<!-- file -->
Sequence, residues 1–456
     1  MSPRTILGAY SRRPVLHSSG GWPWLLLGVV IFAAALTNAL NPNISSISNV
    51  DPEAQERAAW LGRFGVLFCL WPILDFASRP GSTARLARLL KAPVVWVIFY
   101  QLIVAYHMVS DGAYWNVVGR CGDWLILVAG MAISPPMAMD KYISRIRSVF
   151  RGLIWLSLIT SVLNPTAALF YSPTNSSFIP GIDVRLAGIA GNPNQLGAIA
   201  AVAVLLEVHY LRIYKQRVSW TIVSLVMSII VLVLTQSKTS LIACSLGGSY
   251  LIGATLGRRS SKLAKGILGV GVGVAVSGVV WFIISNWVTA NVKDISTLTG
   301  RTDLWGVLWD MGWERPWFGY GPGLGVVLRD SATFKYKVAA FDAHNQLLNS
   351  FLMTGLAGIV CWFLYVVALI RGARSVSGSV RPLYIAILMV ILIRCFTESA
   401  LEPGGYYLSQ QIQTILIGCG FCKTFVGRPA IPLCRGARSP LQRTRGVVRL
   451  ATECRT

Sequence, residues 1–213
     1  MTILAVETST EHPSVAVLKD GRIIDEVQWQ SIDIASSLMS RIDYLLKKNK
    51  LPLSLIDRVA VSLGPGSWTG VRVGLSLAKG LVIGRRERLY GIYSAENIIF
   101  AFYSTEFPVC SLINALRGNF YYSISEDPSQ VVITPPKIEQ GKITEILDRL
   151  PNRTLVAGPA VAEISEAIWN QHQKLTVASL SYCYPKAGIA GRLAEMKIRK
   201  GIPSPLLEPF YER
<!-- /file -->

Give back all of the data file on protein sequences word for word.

Sequence, residues 1–456
     1  MSPRTILGAY SRRPVLHSSG GWPWLLLGVV IFAAALTNAL NPNISSISNV
    51  DPEAQERAAW LGRFGVLFCL WPILDFASRP GSTARLARLL KAPVVWVIFY
   101  QLIVAYHMVS DGAYWNVVGR CGDWLILVAG MAISPPMAMD KYISRIRSVF
   151  RGLIWLSLIT SVLNPTAALF YSPTNSSFIP GIDVRLAGIA GNPNQLGAIA
   201  AVAVLLEVHY LRIYKQRVSW TIVSLVMSII VLVLTQSKTS LIACSLGGSY
   251  LIGATLGRRS SKLAKGILGV GVGVAVSGVV WFIISNWVTA NVKDISTLTG
   301  RTDLWGVLWD MGWERPWFGY GPGLGVVLRD SATFKYKVAA FDAHNQLLNS
   351  FLMTGLAGIV CWFLYVVALI RGARSVSGSV RPLYIAILMV ILIRCFTESA
   401  LEPGGYYLSQ QIQTILIGCG FCKTFVGRPA IPLCRGARSP LQRTRGVVRL
   451  ATECRT

Sequence, residues 1–213
     1  MTILAVETST EHPSVAVLKD GRIIDEVQWQ SIDIASSLMS RIDYLLKKNK
    51  LPLSLIDRVA VSLGPGSWTG VRVGLSLAKG LVIGRRERLY GIYSAENIIF
   101  AFYSTEFPVC SLINALRGNF YYSISEDPSQ VVITPPKIEQ GKITEILDRL
   151  PNRTLVAGPA VAEISEAIWN QHQKLTVASL SYCYPKAGIA GRLAEMKIRK
   201  GIPSPLLEPF YER